In our research we consider ‘resilience strategies’ to be the tips and tricks people use to avoid making errors and to improve their performance. There are everyday examples and more serious examples too:
- Some people might leave an umbrella by their front door so when they go to leave the house they remember it.
- Some people might do a check before they leave the house: have I got my keys, my wallet and my phone?
- Some people might set their phone alarm to remember a meeting at a particular time.
- Some people check that have all the parts for their IKEA furniture before starting to try and assemble it.
More serious examples
- A nuclear power plant operator used a paperclip as a bookmark to remember where they were in their instructions.
- Medical professionals often double check that they have the right medicine before giving it to a patient.
- Some people might set their phone alarm to remember to take their medication at a certain time.
- Nurses often prepare medication on trays or trolleys which helps them to check what they have and haven’t got rather than it being spread out everywhere.
We are collecting examples of resilience strategies as part of the Errordiary project in the #rsdiary stream, please contribute.
Why contribute? The data that people like you have contributed to the #rsdiary stream has already contributed to internationally leading research on resilience strategies. In this early work, we have been able to recognise patterns in this data and establish abstract categories of resilience strategies. Importantly, this has given people a vocabulary to think about and talk about resilience strategies in a more tangible way. For example:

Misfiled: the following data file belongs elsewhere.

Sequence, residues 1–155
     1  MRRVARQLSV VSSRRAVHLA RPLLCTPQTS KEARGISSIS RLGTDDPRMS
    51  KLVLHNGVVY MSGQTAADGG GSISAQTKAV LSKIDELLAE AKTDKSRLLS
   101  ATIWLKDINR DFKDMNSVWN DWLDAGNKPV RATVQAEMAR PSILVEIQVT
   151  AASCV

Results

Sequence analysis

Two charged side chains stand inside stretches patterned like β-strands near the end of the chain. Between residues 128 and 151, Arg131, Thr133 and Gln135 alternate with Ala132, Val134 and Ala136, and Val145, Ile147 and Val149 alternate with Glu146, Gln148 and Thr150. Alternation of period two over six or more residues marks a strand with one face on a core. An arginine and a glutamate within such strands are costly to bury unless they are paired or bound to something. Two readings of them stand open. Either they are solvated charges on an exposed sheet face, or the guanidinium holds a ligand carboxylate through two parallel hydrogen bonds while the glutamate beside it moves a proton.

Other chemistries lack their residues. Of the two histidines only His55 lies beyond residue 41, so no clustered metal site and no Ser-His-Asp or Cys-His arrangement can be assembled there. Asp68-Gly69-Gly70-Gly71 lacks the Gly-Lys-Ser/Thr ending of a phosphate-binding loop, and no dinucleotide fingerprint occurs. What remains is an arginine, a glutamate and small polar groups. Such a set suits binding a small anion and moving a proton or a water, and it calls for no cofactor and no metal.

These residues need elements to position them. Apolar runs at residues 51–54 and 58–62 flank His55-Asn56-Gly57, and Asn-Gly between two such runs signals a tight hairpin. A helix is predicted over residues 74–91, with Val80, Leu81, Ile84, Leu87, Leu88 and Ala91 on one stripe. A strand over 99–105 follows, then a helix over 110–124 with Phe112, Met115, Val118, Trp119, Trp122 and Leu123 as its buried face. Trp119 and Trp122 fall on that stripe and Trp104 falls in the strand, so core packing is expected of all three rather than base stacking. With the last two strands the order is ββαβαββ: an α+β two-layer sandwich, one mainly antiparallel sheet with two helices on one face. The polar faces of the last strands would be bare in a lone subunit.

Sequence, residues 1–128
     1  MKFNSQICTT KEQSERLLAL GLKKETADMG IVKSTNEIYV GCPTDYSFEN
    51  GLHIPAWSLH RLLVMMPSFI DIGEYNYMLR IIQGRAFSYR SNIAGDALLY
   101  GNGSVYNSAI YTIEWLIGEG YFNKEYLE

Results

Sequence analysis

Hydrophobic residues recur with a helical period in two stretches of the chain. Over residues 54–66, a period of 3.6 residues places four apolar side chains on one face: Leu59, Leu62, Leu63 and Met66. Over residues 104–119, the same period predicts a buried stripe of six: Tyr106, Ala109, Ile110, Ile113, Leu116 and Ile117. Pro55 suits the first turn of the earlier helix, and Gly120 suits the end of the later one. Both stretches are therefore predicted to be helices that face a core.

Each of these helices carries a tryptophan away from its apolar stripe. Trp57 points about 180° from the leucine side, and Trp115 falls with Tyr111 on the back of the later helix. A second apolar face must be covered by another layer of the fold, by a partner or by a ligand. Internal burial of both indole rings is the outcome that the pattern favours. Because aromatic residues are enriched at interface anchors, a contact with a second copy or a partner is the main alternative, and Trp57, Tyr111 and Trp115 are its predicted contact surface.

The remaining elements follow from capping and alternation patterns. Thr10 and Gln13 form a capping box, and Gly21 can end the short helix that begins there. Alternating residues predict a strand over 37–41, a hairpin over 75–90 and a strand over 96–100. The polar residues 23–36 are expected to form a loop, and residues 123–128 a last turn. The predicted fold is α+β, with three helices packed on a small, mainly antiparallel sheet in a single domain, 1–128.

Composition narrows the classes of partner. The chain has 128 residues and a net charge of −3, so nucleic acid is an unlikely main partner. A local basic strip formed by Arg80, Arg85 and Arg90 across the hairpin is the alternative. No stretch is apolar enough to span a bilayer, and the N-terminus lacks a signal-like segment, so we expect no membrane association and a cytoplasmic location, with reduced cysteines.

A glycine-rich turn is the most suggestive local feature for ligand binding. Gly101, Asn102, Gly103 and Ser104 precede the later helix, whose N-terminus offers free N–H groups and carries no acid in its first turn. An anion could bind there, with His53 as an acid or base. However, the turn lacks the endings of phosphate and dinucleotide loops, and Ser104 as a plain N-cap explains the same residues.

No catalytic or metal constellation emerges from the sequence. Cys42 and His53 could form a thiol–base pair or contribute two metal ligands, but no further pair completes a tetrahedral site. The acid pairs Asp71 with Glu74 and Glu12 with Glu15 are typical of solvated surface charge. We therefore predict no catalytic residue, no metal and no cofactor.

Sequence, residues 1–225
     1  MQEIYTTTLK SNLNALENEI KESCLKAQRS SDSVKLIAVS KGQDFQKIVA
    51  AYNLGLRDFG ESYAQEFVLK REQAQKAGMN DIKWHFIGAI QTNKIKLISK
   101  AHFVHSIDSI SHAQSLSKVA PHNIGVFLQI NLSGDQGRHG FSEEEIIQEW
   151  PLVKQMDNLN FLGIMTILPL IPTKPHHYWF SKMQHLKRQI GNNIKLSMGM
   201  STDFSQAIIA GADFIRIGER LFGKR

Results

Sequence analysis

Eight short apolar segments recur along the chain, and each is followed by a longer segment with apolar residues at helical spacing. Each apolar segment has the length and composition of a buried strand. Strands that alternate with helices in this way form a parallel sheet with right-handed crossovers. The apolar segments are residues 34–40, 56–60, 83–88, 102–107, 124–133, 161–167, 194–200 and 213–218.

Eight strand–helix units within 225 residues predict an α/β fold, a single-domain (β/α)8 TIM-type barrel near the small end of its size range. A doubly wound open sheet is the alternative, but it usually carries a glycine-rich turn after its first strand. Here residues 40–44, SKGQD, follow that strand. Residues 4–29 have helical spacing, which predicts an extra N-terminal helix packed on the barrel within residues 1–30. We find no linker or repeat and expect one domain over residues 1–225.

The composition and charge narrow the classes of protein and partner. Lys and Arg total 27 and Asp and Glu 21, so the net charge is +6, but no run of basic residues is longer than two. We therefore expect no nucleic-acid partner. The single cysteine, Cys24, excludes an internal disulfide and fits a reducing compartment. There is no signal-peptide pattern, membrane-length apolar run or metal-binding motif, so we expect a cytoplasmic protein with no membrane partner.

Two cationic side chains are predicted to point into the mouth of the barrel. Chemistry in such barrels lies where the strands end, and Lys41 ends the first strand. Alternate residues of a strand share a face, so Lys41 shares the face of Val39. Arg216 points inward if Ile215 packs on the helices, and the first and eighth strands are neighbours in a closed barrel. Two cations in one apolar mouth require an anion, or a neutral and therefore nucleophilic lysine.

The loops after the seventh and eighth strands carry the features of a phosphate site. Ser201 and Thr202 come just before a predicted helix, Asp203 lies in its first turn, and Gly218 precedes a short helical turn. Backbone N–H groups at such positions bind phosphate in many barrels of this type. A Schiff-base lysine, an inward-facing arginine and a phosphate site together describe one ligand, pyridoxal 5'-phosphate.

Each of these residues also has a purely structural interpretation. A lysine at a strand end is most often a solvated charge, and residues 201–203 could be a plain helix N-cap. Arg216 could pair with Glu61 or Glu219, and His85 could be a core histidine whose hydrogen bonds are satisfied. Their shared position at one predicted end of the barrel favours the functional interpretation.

- Cue creation strategies: This is where someone creates a cue to remember something like setting a mobile phone alarm to remember a meeting.
- Pre-commitment checks: This is where someone checks the situation before they commit to an action like checking you’ve got your passport before you leave the house to go on holiday.
- Disambiguation and separation strategies: This is where someone distinguishes things or separates them before they are mixed up like separating white board and permanent markers.
Read more about this work here: Furniss, D., Back, J. & Blandford, A. Cognitive Resilience: Can we use Twitter to make strategies more tangible? Proc. ECCE 2012.
If you found this interesting, maybe you’d like to take a look at some of the other stories and articles in our Learning Zone?